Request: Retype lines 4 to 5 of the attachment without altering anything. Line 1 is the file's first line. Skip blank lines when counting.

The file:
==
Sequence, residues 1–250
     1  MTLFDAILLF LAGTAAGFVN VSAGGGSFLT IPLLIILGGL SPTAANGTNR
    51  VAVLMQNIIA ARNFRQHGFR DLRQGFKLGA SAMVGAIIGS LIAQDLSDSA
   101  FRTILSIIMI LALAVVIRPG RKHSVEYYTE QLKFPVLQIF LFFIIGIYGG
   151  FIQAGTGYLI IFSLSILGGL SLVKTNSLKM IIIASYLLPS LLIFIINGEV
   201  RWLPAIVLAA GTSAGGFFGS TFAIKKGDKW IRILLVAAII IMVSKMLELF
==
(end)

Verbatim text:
   101  FRTILSIIMI LALAVVIRPG RKHSVEYYTE QLKFPVLQIF LFFIIGIYGG
   151  FIQAGTGYLI IFSLSILGGL SLVKTNSLKM IIIASYLLPS LLIFIINGEV